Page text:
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us, let us pray for fuch further difcoveries as may ftrengthen and comfort us in what remains of our journey through this wildernefs, till we arrive at thofe bleffed abodes of perfect light, and love, and purity, where we fhall fee him as he is, without the intervention of ordinances; and enjoy him fully, without interruption, and without end. Amen.
1 PETER i. 20, 21.
Who verily was foreordained before the foundation of the world, but was manifeft in thefe last times for you; who by him do believe in God that raised him up from the dead, and gave him glory, that your faith and hope might be in God.
VERY fabric muft partake of the ftrength or weaknefs of its foundation. A houfe that is built upon the loofe fand, will foon fall to the ground; nay, the higher it is raifed, efpecially if the materials be weighty, the more fudden and ruinous will its fall be. It must therefore be of the last importance to the Chriftian, to be fully fatisfied in his own mind, that the grounds of his faith and hope in God are fufficient to fuftain all the weight he hath to lay upon them.
The life of the foul is no trivial matter:
it is our ALL. Other things may be wanted; but this is the one thing needful." The death of the foul, by which I mean its final feparation from the only fource of lifeand joy, is mifery in the extreme; pure mifery, without mixture or alloy.
To this death we all became liable by our apoftafy from God. The loathfome disease, which, if left to its own operation, will foon produce this fatal effect, is deep lodged in our nature; and we are directed to look to the Lord Jefus Christ, not only for the cure of the disease, but likewife for all that exalted happiness befides, which, commencing in prefent reconciliation with God, and the renovation of the foul after his divine image, fhall at length be perfected in the entire refemblance, and full enjoy"ment, of him, in the heavenly ftate.
That the Lord Jefus is able to do thefe great things for us, is the profeffed belief of all who style themfelves Chriftians.
The dignity of his perfon, as the " eter"nal Word made flesh," the perfection of his obedience; the merit of his facrihis refurrection from the dead; and
his exaltation to the right hand of God, leave no room to doubt of his faving power: while his own account of the errand upon which he came into the world; his free unconstrained choice of the office of Redeemer; his generous offers of mercy to the chief of finners; together with the regret he always expreffed when thefe offers were rejected; may justly lead us to conclude, that he is no lefs willing than "he is able, to fave to the uttermoft all that.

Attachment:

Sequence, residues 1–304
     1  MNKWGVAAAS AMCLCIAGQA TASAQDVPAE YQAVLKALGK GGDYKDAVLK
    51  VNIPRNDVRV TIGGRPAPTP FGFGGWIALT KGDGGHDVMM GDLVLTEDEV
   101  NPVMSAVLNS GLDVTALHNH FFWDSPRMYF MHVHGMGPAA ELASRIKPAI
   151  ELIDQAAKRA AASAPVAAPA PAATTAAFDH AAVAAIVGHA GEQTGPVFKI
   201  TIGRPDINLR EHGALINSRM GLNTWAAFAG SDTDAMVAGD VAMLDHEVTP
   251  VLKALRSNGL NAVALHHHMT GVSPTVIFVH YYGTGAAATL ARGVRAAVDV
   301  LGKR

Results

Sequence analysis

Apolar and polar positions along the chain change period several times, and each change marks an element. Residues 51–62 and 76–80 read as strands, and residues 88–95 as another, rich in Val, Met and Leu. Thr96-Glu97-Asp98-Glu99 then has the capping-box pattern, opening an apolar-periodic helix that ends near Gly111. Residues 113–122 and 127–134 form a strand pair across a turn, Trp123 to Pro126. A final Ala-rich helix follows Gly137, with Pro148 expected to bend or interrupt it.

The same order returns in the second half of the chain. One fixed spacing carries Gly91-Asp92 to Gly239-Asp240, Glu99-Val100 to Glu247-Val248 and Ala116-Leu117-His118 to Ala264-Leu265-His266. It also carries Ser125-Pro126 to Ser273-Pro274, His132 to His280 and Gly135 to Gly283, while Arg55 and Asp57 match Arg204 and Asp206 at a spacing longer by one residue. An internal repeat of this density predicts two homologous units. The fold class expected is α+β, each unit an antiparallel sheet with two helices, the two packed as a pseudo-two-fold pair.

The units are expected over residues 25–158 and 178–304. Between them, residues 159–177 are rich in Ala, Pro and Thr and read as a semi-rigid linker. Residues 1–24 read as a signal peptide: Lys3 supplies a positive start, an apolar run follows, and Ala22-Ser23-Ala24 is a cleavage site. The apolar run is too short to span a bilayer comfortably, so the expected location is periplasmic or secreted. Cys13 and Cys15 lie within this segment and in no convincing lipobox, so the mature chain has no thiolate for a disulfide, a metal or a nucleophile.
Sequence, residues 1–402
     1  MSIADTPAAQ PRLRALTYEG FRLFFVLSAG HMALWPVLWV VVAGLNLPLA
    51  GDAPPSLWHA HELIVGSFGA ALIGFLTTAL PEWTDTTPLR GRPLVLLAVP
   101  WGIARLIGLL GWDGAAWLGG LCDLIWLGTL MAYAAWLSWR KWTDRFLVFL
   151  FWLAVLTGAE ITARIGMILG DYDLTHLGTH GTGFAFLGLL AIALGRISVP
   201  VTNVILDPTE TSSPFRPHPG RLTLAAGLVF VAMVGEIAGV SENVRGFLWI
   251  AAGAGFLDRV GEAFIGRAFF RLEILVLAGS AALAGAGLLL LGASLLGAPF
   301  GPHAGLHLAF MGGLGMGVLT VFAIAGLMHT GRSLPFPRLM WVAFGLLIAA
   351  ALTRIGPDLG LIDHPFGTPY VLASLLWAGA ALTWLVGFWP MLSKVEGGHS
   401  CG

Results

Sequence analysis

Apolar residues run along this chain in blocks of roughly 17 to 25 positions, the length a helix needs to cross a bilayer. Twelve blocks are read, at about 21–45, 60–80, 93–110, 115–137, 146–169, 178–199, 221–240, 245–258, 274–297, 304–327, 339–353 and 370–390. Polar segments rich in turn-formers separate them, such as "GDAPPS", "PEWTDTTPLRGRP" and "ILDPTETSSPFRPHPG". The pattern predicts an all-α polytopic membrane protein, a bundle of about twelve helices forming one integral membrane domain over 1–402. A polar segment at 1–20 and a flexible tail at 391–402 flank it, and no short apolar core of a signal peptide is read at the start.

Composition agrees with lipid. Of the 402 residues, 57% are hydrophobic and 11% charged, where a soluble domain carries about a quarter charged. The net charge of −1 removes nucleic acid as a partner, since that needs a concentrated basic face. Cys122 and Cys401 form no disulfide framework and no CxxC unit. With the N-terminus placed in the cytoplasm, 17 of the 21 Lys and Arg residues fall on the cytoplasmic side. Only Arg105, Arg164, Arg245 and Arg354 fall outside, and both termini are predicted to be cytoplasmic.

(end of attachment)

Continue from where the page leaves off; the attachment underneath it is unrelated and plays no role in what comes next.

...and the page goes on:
come unto God by him."
These encouraging truths, which
written as with a fun-beam in the facred Scriptures, prefent themfelves to the view of every intelligent reader. Hence thofe general profeffions of gratitude to the Redeemer, and of dependence upon him, for the pardon of fin, and deliverance from wrath, which are fo common among Chriftians of almoft every denomination.
But I have had frequent occafion to obferve, that thefe views of the Saviour, though juft in themfelves, are too often blended with indiftinct, and even erroneous, conceptions, of the great fcheme of
falvation, as revealed in the gospel. Many, while they look upon the Son as the generous friend of fallen man, are too apt to reprefent the Father to their own minds as fevere and unrelenting; eager to punish his guilty creatures; yielding with reluctance to accept the offered ranfom, and to receive from a Mediator, that fatisfaction to his justice, which was neceffary to make way for fuch exercise of mercy as might consist with the authority of his laws, and the dignity of his government.
Sentiments of this kind are not only gloomy and uncomfortable to those who entertain them; but have likewise a most pernicious tendency in other refpects. They thwart the very defign of Christ's coming into the world; of whom it is expressly faid, that "he fuffered, the juft for the un"just, that he might bring us to God." It was not that our regard fhould terminate in his own perfon as Mediator; but that through him they should ascend to the eternal Father, who "fo loved the world, that " he gave his only begotten Son, that who"foever believeth in him, might not perish,